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How to Achieve Self-Actualization for Happiness
Self-actualization means reaching our full potential
Self-Actualization means reaching our full potential in all areas of life. Many psychologists believe that this will ultimately bring us happiness because life will have meaning and we will be fulfilled.
But how do we know what our full potential actually is?
And what exactly is happiness?
We need to take care of our basic physical needs before we can even think about fulfilling our potential
Maslow’s Hierarchy of Needs
Way back in the 1950’s, the psychologist Abraham Maslow came up with a theory of motivation that went something like this:
We all have needs that have to be fulfilled, some essential for our survival and others essential for personal growth. Maslow divided the needs into two groups:
- Deficiency Needs: such as food, water, warmth, safety, love and self-esteem.
- Growth Needs: such as learning and understanding, beauty and finally self-actualization. 
These are illustrated in a pyramid labelled Maslow’s Hierarchy of Needs.
According to Carl Rogers, in order to achieve our potential and happiness, we must...
Have others who love us unconditionally
Be able to love ourselves
Have empathy for others.
However, in 1961 a famous psychotherapists, Carl Rogers published a book called On Becoming a Person, in which he wrote that in order for us to achieve self-actualization, the following conditions must be in place:
· Unconditional Positive Regard: That others will have ‘regard’, respect or love for us no matter what we are.
· Positive self-regard: That we will respect and accept ourselves.
· Empathy: That we will develop empathy for others.
· Congruence: That we will have all of the above in balance.
For example, Rogers believed that if others have unconditional positive regard for us, but we do not have positive self-regard, then we will be incongruent (or imbalanced) and so cannot achieve self-actualization.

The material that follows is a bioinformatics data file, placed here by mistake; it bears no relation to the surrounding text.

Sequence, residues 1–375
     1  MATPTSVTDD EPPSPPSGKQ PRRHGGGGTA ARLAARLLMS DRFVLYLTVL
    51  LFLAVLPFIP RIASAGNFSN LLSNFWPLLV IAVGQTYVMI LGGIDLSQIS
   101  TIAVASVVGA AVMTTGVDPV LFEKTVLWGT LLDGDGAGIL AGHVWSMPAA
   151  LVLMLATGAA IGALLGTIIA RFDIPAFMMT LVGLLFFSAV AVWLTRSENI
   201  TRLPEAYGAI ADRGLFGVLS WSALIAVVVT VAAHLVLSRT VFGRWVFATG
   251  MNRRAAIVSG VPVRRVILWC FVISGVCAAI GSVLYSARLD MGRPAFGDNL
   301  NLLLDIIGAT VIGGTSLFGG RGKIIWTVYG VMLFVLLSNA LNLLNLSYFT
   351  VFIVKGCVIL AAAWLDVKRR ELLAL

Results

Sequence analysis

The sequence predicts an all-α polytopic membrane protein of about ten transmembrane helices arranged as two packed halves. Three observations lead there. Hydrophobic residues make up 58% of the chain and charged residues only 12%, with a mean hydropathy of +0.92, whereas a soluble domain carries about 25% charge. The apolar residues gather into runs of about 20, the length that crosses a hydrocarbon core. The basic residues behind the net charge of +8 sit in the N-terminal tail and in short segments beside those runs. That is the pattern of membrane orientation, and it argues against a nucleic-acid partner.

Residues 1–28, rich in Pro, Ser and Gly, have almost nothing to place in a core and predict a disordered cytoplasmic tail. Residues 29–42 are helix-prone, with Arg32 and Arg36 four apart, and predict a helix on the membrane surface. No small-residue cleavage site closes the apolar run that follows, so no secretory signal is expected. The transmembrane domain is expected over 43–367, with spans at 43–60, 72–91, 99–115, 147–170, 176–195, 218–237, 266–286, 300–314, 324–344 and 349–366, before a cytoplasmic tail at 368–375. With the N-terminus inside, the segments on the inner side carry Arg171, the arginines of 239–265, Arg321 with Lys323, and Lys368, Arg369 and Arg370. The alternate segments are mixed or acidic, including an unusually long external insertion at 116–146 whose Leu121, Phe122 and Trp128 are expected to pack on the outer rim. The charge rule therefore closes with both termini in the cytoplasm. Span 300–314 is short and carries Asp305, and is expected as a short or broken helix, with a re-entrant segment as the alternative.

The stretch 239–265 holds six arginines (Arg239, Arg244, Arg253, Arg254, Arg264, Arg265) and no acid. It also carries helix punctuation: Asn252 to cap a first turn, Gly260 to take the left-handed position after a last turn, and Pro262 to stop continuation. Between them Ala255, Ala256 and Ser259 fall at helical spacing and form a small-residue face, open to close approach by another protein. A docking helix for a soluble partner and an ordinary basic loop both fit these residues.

Finding our strengths and using them in our everyday life can also help us to reach our potential and find happiness
But in more recent times another psychologist, Martin Seligman, came up with a theory that makes things a lot simpler. Seligman believes that we reach our full potential, or self-actualization, by playing to our strengths. This means that we do not have to depend on others or on forces outside of ourselves in order to achieve happiness. He has even come up with a questionnaire, the VIA Survey of Character Strengths that helps us to find our strengths. 
For example, if your top three strengths turn out to be Leadership, Helping others and Kindness, then finding new ways to apply those strengths will help you to achieve your full potential.
You could perhaps volunteer to set up a local branch of a charity for the under-privileged, or help run a soup-kitchen. Finding a career that uses your strengths would be an ever better way to achieve self-actualization and happiness. (Although this may not be likely in the current economic climate).
We can’t be in a good mood forever, but we can find fulfillment and contentment in our lives
What is happiness?
So, now we know what our full potential is, but what exactly is happiness?
Well, there are two ‘types’ of happiness:
Hedonia: This is transitory-it’s good mood, bad mood kind of happiness.
For example, you’re happy because you’ve won the lottery or you’re sad because your lover left you. Neither is sustainable; you won’t be happy for the rest of your life because you won the lottery nor will you be sad for the rest of your life because your lover left you. (I hope!)
Eudaimonia: This is the kind of contented happiness that comes from living a satisfying and fulfilling life. In fact, the kind of life that comes from finding our strengths and using them to achieve our full potential, or self-actualization.
Self-actualization and happiness
So, now you know that in order to achieve self-actualization, or your full potential, you must find your strengths and discover ways to use them. This will in turn lead to a satisfying and fulfilling life, or eudaimonia.
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 Maslow, A.H., (1954). Motivation and personality. New York: Harper & Row
 Rogers, C.R., (1961). On becoming a person: a therapist’s view of psychotherapy. Houghton Mifflin.
 Deci, E.L., & Ryan, R.M., (2008) Hedonia, eudaimonia, and well-being: an introduction. Journal of Happiness Studies 9 1. 1-11..